Wednesday, April 28, 2010

Age Appropriate Virtues: 13 To 15 Years Old

A resource that I refer back to periodically is a book called Character Building: A Guide for Parents and Teachers by David Isaacs. It outlines the general virtues that parents should be developing in their children at various ages.

I don't have any kids this old yet, but if anyone would like to share their experiences, feel free to let us know what we're in for.

From 13 to 15 Years Old
  • Modesty
  • Moderation
  • Simplicity
  • Sociability
  • Friendship
  • Respect
  • Patriotism
From age of thirteen to fifteen, it seems desirable, in view of the young person's greater awareness of his own intimacy, to insist especially on virtues linked with temperance, in the first place. The purpose behind this is to help him keep goodness in sight and not let his passions get out of control.

If we emphasized fortitude earlier on, we now come to harnessing that virtue to protect what is everyone's precious possession - his intimacy. By this I mean soul, sentiments, thoughts - not just physical intimacy. The virtues of modesty and moderation involve recognizing the value of what one possesses, so as then to make better use of it - in accordance with standards which are right and true.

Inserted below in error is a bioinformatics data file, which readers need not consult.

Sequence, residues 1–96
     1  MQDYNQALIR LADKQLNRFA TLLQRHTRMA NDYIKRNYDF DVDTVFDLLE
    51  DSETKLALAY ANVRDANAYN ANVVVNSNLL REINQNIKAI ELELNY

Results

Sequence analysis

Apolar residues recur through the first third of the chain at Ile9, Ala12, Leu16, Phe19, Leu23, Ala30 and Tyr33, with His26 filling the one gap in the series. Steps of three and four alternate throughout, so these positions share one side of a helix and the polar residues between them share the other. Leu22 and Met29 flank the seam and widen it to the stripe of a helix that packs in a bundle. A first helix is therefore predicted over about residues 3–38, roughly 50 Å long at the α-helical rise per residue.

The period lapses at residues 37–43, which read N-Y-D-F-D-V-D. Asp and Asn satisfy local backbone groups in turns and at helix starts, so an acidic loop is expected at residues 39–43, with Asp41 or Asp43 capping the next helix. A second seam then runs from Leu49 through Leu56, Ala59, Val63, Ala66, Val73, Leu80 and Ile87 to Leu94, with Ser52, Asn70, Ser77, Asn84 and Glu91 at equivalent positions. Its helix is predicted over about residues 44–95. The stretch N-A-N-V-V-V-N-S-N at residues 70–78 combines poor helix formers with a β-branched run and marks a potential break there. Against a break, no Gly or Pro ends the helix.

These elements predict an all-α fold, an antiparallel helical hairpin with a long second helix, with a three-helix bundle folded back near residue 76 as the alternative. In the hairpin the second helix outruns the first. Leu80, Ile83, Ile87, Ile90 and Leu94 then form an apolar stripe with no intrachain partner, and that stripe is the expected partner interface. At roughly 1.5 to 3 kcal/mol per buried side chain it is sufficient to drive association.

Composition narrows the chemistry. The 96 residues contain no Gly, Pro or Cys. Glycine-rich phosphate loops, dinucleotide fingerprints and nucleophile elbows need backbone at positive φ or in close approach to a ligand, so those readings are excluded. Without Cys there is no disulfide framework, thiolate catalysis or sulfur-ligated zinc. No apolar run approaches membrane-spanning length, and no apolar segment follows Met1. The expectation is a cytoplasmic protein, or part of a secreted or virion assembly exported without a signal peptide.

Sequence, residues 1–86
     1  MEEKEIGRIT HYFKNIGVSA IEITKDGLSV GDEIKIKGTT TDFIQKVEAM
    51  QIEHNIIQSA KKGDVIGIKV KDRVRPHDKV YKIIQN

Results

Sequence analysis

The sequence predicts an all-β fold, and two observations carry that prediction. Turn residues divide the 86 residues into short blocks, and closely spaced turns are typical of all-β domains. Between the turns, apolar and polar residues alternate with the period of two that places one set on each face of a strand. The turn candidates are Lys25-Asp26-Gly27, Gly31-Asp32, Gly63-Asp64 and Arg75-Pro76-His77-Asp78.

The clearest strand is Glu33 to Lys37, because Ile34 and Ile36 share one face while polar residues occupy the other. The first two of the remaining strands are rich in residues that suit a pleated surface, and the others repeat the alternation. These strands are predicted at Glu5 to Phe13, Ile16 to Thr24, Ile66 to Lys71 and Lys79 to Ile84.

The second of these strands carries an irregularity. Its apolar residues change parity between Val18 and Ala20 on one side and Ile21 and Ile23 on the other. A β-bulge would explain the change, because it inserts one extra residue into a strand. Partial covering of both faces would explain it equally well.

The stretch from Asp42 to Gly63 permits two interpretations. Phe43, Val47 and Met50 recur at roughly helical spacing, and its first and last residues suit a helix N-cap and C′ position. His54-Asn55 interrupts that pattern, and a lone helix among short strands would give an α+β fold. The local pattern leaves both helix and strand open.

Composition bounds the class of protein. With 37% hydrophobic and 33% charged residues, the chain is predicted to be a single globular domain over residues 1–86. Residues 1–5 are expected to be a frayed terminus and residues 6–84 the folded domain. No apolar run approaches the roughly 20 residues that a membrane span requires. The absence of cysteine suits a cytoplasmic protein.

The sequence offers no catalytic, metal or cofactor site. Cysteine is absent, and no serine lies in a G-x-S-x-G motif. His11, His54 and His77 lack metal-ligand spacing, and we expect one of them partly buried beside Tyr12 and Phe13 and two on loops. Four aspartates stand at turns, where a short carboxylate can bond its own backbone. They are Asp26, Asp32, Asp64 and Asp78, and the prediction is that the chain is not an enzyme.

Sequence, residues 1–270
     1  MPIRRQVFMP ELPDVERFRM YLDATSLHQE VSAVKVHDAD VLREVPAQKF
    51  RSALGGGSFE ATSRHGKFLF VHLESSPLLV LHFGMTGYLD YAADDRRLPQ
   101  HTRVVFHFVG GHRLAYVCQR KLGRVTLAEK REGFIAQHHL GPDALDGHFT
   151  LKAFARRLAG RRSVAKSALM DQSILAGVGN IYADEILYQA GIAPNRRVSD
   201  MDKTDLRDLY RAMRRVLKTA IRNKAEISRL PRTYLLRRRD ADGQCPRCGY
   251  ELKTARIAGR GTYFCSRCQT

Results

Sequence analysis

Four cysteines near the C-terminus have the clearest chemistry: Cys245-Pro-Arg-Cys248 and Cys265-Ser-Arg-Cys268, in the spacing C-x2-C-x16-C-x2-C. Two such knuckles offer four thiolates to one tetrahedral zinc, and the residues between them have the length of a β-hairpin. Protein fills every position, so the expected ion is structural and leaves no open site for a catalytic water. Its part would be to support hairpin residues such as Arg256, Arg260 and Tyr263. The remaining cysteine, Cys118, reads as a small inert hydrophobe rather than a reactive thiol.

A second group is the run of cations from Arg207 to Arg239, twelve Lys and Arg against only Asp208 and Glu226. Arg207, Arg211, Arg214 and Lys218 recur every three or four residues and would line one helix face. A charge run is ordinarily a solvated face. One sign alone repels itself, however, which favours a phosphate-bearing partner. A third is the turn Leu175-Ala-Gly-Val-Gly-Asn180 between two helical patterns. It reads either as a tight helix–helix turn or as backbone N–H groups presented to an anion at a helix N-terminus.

What kinds of motivation can we offer children at this stage? I thing we have to give them reasons. We ourselves generally learned to behave by imitating our educators, but nowadays our children are not inclined to imitate us. They ask for reasons. ...[I]n connection with giving information to young people, I would dare to offer a recipe: information should be given by the three C's - clearly, concisely, and then changing the subject.

Apart from those virtues connected with temperance, it is good also to emphasize others which have to do with the person's privacy and with is relationships with others. That is why I stress sociability, friendship, respect, and patriotism. These four virtues presuppose being interested in one's own privacy and in the good of other people in a practical way. And it is here that the parents can make their biggest contribution. I refer to the guidance they give their children about how to channel their concern for others into practical acts of service. We should realize that the adolescent by his very nature is idealistic and also needs to have new experiences. If we parents fail to help him, then it is likely that outside influences will misguide him.

Simplicity, because an adolescent needs it if he is to act in accordance with his ideals and to be accepted for what he is.

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